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Can the EU's pharmaceutical strategy make Europe a leader in health?

Health & healthcare / EPC FLASH ANALYSIS
Elizabeth Kuiper

Date: 24/05/0023
Last month, the EU’s Pharmaceutical Strategy was finally endorsed by the College of Commissioners. After a delay of several months, the file wound up on the desk of the European Commission President herself after CEOs of pharmaceutical companies had complained to heads of state about the alleged detrimental impact of the proposal. It seems that even a global pandemic wasn’t sufficient to ensure the Commission hierarchy was internally aware of this proposal's potential implications and probably viewed it as just another technical piece of legislation.

Following the announcement of the European Parliament rapporteurs last week, it is time to take a closer look at the strategic importance of the strategy and how it could contribute to reducing the EU’s dependency on other regions of the world.

The debate about the EU’s strategic autonomy has been at the fore for some time, aggravated by the COVID-19 pandemic and the Russian invasion of Ukraine. The EU’s Pharmaceutical Strategy, therefore, addresses the need to diversify and secure supply chains and the importance of supporting the competitiveness, innovation, and sustainability of the EU’s pharmaceutical industry.

Industry stakeholders have expressed concerns about the proposal, arguing that it will erode the EU’s intellectual property system, which is instrumental in discovering new treatments and vaccines. In addition, they point out that China is on the rise when prioritising biopharmaceuticals and vaccines. For a long time, the country has heavily focused on generics, but in the last decade, it upped the ante and has become much stronger in innovative manufacturing technologies.

However, China’s position vis-à-vis innovation isn’t as straightforward as many suggest. Whereas the country has strengthened IP provisions to attract pharmaceutical companies to invest in China, to the disappointment of the industry, it eventually expressed its support at the global level for the much-contested IP waiver in the context of WTO discussions about waiving IP rights for COVID-19 vaccines.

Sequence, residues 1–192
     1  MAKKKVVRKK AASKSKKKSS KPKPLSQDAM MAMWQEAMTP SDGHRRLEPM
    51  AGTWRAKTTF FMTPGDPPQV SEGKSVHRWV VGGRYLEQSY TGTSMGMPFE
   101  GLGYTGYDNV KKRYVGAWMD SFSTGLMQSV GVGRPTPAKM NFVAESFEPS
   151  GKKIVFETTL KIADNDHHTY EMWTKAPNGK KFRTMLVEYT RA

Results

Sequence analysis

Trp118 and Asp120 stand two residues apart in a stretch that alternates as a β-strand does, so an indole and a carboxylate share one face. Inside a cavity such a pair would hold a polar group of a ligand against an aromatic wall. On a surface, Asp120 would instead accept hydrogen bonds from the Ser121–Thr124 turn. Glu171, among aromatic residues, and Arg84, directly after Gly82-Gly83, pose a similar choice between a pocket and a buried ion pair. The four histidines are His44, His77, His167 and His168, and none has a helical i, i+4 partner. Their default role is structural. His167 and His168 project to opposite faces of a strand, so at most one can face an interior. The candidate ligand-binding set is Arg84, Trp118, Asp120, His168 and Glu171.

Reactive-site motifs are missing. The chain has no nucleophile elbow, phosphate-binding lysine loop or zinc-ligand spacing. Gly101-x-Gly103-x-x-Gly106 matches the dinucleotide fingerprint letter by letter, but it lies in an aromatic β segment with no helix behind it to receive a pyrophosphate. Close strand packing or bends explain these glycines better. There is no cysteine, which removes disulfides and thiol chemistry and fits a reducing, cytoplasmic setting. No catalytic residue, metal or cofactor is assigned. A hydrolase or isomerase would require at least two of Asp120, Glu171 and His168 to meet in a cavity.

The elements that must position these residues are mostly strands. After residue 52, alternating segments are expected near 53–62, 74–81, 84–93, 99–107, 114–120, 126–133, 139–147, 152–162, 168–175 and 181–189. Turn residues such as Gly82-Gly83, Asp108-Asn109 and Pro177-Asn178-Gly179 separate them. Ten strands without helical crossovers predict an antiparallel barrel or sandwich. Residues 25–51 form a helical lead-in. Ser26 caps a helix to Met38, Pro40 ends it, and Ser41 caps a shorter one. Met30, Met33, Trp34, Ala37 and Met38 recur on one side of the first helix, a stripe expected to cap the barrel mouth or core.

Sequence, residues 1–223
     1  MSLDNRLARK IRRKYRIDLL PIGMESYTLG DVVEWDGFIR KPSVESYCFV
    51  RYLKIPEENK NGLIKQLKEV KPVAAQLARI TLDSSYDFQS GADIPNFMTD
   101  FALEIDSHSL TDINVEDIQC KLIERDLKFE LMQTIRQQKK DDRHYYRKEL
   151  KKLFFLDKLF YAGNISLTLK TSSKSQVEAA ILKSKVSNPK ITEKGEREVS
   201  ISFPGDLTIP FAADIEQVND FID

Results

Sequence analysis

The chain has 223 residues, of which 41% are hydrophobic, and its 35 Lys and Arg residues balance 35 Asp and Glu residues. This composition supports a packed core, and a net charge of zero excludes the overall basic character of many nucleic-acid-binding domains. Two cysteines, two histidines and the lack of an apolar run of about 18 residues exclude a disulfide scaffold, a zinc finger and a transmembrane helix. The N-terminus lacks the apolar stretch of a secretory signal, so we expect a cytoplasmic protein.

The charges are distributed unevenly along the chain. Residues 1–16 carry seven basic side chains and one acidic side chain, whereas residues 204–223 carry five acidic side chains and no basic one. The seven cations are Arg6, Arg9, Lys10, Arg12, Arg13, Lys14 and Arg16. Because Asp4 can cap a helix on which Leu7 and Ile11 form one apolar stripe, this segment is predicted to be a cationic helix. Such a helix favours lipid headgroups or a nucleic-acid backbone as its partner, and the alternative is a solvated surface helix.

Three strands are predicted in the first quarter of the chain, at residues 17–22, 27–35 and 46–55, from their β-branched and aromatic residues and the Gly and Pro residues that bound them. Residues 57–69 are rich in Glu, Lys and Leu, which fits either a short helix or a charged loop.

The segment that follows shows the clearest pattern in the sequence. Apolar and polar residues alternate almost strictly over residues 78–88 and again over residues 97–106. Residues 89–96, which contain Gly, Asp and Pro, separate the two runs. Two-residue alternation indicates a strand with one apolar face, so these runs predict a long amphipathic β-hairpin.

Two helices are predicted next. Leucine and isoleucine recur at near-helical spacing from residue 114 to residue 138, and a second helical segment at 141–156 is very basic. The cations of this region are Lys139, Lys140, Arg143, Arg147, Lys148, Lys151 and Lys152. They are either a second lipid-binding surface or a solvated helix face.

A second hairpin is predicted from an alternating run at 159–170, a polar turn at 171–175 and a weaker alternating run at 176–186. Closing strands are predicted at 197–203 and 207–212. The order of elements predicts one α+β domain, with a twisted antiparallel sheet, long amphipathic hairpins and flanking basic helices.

The development of the mRNA vaccine has shown the flourishing scientific environment in the EU, with China and Russia underperforming in terms of scientific innovation and rigour. According to the European Patent Office (EPO), patent activity in pharmaceuticals (+6.9%) and biotechnology (+6.6%) shows increased recent investment in vaccines and other areas of healthcare.

The Versailles Declaration adopted in March 2022 expresses the ambition to “make Europe a leader in biomedicines”. Clearly, the EU’s Pharmaceutical Strategy should be seen as a tool to make this happen. It is more than just another piece of public health policy, and the Commission is advised to coordinate accordingly and ensure the relevant services are involved in future negotiations on the proposal.

Elizabeth Kuiper is an Associate Director and Head of the Social Europe and Well-Being programme at the European Policy Centre.

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